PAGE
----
Let’s say a federal agency wants to share an app with state and local government and first responders. In most cases those devices are controlled by a variety of different MDM systems and because there can only be one profile installed on each device, distributing the app can become a real issue. Organizations then have to determine which MDM system is in control of the devices and whether the other organizations will let their end users enroll in that MDM.

Another challenge is the security gap around data and apps that are being managed by MDM. While MDM does a good job of protecting the device, the sensitive data is in the apps and organizations need fine-grained security policies that are focused at the app and data level. This is where MAM comes into play and while many MDM vendors offer some MAM capabilities, to leverage that functionality and distribute policy-enabled mobile apps, the device must be enrolled in MDM.

Standalone mobile application management (MAM) can be used with or without MDM, to allow IT administrators to manage the corporate footprint that resides on a device – corporate apps and data– with security and management policies.

Even before an app has been installed on a device, administrators can use MAM to inspect an application and make sure there isn’t any malicious malware, trojans, or weak coding that may create openings for security breaches. Then, before app is pushed out to a broader audience, IT can use MAM to wrap the app with policies including:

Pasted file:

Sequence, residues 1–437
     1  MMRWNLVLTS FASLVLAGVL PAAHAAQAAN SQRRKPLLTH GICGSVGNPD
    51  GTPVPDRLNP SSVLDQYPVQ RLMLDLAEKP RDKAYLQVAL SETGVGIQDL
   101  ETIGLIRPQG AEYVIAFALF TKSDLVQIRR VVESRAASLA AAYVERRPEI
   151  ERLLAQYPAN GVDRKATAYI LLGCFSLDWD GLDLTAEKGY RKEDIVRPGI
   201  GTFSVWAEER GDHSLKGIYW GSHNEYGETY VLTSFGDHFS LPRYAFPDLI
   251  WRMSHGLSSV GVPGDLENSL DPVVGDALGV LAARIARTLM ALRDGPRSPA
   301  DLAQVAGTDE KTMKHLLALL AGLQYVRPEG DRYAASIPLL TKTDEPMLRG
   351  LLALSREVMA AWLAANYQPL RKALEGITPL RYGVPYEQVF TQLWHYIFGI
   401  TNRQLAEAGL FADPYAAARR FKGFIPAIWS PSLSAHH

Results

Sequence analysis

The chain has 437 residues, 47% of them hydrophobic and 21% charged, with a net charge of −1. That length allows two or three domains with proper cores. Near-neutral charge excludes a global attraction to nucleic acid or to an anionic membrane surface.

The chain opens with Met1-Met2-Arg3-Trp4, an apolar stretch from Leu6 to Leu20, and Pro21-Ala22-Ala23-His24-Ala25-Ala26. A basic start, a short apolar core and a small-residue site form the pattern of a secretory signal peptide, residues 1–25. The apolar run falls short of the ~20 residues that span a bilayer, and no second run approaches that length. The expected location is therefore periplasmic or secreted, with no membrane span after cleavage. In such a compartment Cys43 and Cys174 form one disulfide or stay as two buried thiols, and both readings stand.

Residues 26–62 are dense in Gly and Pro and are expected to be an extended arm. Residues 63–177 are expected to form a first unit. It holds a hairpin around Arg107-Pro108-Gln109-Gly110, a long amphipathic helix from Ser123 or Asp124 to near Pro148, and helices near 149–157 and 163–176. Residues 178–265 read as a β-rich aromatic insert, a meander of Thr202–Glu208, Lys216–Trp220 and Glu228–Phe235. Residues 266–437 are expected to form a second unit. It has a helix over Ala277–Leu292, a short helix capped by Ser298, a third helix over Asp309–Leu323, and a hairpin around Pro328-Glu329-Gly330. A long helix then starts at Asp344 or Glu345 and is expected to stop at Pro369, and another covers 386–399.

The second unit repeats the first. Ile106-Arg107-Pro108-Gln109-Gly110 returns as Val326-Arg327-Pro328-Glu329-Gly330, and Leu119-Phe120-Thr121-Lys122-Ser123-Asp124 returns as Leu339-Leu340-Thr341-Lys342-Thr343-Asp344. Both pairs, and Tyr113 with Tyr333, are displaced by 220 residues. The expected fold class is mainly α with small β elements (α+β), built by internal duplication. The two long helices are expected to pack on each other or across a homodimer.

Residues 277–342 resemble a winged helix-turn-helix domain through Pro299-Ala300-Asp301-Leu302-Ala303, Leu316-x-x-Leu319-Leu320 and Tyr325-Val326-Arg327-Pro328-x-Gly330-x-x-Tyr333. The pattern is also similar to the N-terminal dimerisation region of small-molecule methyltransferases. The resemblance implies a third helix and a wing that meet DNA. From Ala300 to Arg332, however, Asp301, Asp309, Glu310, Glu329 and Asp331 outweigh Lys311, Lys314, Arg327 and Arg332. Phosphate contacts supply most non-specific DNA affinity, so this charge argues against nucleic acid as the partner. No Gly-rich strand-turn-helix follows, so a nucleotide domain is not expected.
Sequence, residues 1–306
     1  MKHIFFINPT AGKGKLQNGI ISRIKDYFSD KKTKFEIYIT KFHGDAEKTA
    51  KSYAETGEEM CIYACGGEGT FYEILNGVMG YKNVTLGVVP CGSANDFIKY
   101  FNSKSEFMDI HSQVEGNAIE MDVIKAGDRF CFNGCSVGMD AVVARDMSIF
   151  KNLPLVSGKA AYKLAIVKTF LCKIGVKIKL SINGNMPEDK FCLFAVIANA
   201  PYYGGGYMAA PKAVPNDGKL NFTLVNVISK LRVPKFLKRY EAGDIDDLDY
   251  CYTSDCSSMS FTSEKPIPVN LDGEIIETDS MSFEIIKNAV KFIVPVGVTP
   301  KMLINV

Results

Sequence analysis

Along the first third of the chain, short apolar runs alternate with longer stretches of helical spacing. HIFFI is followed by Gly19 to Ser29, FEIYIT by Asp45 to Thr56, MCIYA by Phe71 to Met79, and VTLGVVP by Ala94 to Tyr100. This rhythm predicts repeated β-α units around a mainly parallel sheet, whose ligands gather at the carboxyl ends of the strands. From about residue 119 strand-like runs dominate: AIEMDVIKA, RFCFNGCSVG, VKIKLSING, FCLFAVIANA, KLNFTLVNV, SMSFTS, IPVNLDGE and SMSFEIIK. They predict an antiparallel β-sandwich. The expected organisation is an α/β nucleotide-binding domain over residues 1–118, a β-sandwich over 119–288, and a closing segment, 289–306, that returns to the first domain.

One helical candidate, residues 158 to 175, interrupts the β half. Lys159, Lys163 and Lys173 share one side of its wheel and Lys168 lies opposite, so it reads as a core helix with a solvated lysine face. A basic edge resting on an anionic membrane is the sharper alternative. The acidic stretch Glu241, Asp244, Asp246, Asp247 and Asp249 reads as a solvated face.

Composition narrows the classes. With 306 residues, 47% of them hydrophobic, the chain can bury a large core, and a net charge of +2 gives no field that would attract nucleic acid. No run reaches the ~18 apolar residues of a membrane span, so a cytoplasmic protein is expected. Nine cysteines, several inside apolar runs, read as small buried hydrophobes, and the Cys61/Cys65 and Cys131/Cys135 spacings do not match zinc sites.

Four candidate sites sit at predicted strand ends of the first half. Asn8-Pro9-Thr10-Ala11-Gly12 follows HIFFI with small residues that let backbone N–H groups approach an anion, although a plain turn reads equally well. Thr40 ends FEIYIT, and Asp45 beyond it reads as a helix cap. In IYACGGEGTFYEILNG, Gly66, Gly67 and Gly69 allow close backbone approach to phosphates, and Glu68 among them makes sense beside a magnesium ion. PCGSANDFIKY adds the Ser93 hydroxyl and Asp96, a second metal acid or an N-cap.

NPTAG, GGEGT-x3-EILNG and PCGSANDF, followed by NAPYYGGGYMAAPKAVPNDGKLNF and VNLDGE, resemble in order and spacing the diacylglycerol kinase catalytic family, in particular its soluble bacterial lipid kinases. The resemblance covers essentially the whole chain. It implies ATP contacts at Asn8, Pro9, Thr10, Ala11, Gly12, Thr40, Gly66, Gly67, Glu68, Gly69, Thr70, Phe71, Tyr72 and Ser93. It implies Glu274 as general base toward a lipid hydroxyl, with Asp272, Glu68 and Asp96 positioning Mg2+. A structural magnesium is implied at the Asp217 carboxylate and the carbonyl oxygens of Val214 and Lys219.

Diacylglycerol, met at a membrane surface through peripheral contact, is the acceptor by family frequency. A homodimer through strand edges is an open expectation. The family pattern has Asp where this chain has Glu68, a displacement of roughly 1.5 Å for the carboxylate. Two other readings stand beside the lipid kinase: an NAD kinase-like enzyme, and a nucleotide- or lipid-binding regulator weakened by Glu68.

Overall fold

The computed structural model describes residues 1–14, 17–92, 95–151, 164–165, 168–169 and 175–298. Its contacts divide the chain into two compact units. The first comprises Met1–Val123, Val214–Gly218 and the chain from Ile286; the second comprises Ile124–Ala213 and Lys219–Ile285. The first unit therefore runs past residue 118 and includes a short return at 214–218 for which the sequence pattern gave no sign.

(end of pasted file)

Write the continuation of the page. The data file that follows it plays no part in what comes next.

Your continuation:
• SSO Integration
  • DAR Encryption
  • App-Level VPN
  • App Expiration
  • Copy/paste protection
  • Data wipe
  • Self-Updating apps

Government Level Mobile Security

The government has pushed mobile security to the next level with two key protocols for securing apps and data. First, National Institute of Standards and Technology (NIST) requires that all mobile apps need to have some form of two-factor authentication. This means employees at the federal level must use their Common Access Cards (CAC) along with their personally-identifiable credentials to in order to obtain access to mobile apps. Secondly, NIST is exploring the use of derived credentials, a means of storing a personal identifier in a mobile device itself and not on a Common Access Card so that users don’t have to carry around a card to be able to gain access to an app.

When it comes to ensuring mobile security, organizations must consider all possible attack vectors, assess the risks they are exposed to, and determining how to address them. While securing and locking down the device might be requirement, policies that provide data protection at the app level with MAM is necessary in order to close the security gap that MDM exposes.

The following table compares MDM and MAM policies and their relative security value:

MAM vs MDM Security

For more details download the newly published, Complete Guide to Mobile Security below.

The CompleteGuidetoMobileSecurity_171w
Learn how to use mobile application management, standalone or alongside mobile device management, to deliver the highest level of mobile security.
The Complete Guide to Mobile Security